'Prompt Global Strike' Weapons Still Years Away

By Stew Magnuson
A program to deliver conventional warheads anywhere on the planet within minutes is moving forward, but must wait for the technology to catch up with the concept, the leader of the Air Force’s nuclear weapons forces said Nov. 9.
The Defense Department, particularly U.S. Strategic Command, has been studying the "prompt global strike" concept for a number of years. The Air Force and Navy have the ability to deliver nuclear warheads on distant targets within minutes through Trident missiles based on submarines, or Minuteman III missiles located in silos.
Since the advent of the so-called war on terrorism, combatant commanders have expressed a desire to have access to non-nuclear weapons that can be dropped, precisely, on targets in hard-to-reach areas. A terrorist leader, or other fleeting targets, may only be in one spot for a few minutes. By the time air strikes are under way, or ships are in place to launch cruise missiles, the opportunity to eliminate a target may be gone.
The Army, Navy and Air Force are all working on separate prompt conventional strike concepts.
Lt. Gen. Frank G. Klotz, commander of the Air Force Global Strike Command, said the concept is very much alive, but the ability to carry out such attacks may be a number of years away.
Air Force Space Command did much of the early work on the Air Force, but that portfolio has been transferred to the Global Strike Command, which was formed in August 2009.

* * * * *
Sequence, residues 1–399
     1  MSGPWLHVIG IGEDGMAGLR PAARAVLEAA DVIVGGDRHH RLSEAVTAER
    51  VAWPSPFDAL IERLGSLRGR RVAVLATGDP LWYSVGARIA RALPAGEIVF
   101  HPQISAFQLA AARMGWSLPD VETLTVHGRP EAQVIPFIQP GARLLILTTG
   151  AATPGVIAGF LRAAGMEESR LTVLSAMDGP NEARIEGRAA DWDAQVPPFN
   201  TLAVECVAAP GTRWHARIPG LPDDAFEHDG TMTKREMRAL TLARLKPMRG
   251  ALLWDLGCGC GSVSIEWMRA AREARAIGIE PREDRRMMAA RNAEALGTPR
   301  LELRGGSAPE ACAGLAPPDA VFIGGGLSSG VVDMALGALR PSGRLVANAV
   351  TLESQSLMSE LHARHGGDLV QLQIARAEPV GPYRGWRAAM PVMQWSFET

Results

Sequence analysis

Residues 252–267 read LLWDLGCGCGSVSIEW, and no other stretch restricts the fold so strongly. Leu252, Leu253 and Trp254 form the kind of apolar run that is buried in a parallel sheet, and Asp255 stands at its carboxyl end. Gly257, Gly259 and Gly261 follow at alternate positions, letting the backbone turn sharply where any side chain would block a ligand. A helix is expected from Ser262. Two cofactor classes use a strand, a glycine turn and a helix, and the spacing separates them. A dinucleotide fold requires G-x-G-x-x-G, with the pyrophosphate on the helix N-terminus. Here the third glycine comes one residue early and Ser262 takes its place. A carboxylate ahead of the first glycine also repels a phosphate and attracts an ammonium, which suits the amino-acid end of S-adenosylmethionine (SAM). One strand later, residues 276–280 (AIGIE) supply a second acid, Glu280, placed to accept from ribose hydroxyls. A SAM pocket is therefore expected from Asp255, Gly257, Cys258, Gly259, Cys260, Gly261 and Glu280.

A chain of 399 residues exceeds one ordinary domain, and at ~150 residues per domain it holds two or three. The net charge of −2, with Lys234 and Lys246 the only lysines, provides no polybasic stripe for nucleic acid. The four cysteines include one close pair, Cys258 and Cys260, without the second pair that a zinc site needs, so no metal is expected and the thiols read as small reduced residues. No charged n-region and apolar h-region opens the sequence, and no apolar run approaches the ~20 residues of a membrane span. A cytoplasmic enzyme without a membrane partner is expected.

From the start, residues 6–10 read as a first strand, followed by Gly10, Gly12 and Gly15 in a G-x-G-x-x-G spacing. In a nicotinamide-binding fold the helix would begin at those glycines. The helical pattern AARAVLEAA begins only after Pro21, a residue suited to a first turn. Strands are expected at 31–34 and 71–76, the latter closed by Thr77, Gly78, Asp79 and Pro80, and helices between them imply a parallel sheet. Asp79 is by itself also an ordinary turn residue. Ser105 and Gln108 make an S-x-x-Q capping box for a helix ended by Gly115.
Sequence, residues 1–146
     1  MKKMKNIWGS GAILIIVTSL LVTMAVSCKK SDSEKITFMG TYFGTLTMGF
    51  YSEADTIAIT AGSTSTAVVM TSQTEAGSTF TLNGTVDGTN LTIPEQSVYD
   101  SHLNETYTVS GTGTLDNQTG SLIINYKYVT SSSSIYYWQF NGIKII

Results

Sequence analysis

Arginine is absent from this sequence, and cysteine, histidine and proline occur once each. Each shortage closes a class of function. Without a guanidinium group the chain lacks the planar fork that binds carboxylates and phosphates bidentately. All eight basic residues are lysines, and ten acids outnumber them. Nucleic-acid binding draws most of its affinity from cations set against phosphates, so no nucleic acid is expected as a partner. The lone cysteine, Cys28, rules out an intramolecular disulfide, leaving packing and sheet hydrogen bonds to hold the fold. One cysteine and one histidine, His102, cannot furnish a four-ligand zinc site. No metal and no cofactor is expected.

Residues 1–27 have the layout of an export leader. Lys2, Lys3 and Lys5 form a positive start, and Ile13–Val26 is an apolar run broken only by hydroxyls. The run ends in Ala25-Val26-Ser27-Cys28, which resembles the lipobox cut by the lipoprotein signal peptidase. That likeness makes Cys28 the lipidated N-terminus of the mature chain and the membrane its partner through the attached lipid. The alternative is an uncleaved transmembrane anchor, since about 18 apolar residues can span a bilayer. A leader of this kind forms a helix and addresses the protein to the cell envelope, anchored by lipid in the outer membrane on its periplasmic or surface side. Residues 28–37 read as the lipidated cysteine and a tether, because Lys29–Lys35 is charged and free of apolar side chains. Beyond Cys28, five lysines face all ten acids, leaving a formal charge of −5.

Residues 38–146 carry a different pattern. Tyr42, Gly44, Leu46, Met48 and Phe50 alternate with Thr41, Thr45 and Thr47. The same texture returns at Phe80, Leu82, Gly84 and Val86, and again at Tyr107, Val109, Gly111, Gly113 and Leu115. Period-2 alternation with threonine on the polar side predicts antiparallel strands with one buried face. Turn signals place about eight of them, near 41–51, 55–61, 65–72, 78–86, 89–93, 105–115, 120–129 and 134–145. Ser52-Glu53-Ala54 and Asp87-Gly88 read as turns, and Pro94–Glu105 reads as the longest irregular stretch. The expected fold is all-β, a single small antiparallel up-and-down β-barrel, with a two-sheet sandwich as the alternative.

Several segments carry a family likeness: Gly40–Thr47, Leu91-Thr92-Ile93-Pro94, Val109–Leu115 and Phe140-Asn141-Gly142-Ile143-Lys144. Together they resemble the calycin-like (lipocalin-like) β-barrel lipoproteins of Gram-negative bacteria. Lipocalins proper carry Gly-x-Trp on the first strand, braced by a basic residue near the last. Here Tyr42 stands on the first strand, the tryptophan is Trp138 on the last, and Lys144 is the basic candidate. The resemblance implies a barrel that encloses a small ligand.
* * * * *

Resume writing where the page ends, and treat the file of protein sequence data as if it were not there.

“We’re still in the very, very early stages in this work,” Klotz told reporters in Washington, D.C.
There is a “technology maturation phase” that has to be completed before a decision is made to move forward with a program of record. The ultimate solution may come from the Army, Navy or Air Force, he said.
A State Department fact sheet on the new Strategic Arms Reduction (START) treaty, currently awaiting ratification by the U.S. Senate, said the document does not prohibit conventional strike. Early concepts would have had Trident missiles armed with conventional explosives rather than nuclear warheads aboard U.S. submarines. However, there were concerns that other nuclear-armed nations would not be able to distinguish between nuclear and non-nuclear warheads, and might mistake the launching of the missiles as the beginning of a nuclear war.
The Defense Advanced Research Projects Agency has embarked on a hypersonic technology vehicle program. The Air Force Space and Missile Center is investigating a conventional strike missile using kinetic energy and the Army Space and Missile Command is working on an advanced hypersonic weapon, the fact sheet said.
U.S. Air Force Space Command worked out most of the policy issues and basing concepts before Global Strike Command took over responsibility for the program. U.S. Strategic Command oversees the three services’ efforts.
“The technology we would like to have is not there yet,” Klotz added.
He declined to speculate when a prompt global strike capability could be fielded.  “I ask that same question,” he said. “I think it’s probably some years off now.”

Topics: Bomb and Warhead, Missile Defense

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